Rule 41 of the Superior Court is as follows: "No motion for a new trial shall be sustained in a civil action after verdict, either on account of any opinions or decisions of the judge, given in the course of the trial, or because the verdict is alleged to be against evidence or the weight of evidence, unless within three days after the verdict is returned, the counsel of the party complaining of the proceedings or of the verdict shall file a motion for a new trial, specifying the grounds of his complaint, and cause a copy of the motion to be delivered to the adverse counsel on the day the same is filed or within such further time as the court may allow. For cause the time for filing such motion may be extended by the court."

F. R. Mullin, (P. F. Spain with him,) for the plaintiff.

J. Lowell, (R. W. Hall with him,) for the defendant.


RUGG, C.J. The only question presented by this record is whether a judge of the Superior Court has power to extend the time within which a motion to set aside a verdict and to grant a new trial may be filed, when no such motion has been filed within three days after the return of the verdict. Rule 41 of the Superior Court provides that "no motion for a new trial shall be sustained in a civil action after verdict . . . [in enumerated cases] ... unless within three days after the verdict is returned" a motion therefor is filed. "For cause the time for filing such motion may be extended by the court." This question must be answered in the affirmative on the authority of Dolan v. Boott Cotton Mills,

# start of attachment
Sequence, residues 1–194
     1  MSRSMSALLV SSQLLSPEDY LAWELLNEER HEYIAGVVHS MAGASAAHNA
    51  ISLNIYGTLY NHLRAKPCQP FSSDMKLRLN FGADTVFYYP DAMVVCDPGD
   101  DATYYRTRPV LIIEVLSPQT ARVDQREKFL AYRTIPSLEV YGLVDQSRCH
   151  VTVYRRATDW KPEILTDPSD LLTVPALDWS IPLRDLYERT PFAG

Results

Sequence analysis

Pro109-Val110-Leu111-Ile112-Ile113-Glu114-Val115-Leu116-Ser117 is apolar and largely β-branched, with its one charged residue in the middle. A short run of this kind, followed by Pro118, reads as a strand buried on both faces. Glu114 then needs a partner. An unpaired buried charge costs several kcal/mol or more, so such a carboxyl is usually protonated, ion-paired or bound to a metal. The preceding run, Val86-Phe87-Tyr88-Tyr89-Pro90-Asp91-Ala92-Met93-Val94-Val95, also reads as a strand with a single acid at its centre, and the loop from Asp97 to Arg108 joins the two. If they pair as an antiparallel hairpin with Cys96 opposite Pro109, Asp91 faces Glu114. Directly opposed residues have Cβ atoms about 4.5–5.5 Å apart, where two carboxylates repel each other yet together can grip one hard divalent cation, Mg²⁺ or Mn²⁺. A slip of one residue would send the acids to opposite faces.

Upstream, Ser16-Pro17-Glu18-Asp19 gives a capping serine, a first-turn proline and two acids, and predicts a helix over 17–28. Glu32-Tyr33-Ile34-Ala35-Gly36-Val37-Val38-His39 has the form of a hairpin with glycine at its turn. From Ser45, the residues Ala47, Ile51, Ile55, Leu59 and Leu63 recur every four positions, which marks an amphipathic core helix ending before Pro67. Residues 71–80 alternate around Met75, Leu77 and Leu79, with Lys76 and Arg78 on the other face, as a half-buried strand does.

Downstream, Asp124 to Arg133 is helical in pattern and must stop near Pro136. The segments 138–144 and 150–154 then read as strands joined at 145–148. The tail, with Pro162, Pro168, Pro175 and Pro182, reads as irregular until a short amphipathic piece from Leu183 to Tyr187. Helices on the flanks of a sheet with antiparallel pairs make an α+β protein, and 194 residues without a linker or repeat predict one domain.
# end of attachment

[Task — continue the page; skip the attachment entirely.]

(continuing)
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185 Mass. 576 . That case decided that Rule 18 of the Superior Court, as it then was, (now Rule 16,) which provided that "The notice that a party desires a trial by jury shall be filed not later than ten days after the time allowed for filing the answer .. . unless the court by special order shall extend the time" meant that the court had discretionary power to make an order permitting a trial by jury after the expiration of the ten days, even although no application for it had been filed within that time. The words of these two rules are almost identical, the decisive one, "extend," being the same. As pointed out in Dolan v. Boott Cotton Mills, the word "extend" in similar rules or statutes has been interpreted not to imply the existence of an unexpired portion of the period. Cleverly v. O'Connell, 156 Mass. 88 . Haynes v. Saunders, 11 Cush. 537 . The present rule is dealing with the exercise of a right inherent in the right of trial by jury secured by the constitution. Opinion of the Justices, 207 Mass. 606 .

It hardly is to be expected that the court would deprive itself absolutely of the power to set aside a verdict which its sound judicial discretion should pronounce so unjust that it ought not to be permitted to stand. The reason why "extend" should be given a meaning sufficiently broad to permit the exercise of the power after the expiration of the period limited are quite as strong in the case at bar as in any of the decisions cited. As is pointed out in Hack v. Nason, 190 Mass. 346 , the rule respecting the allowance of additional time for filing exceptions is different and not inconsistent with that here followed, for in that case the motion must be presented within the initial period allowed.

Order allowing motion for new trial to stand.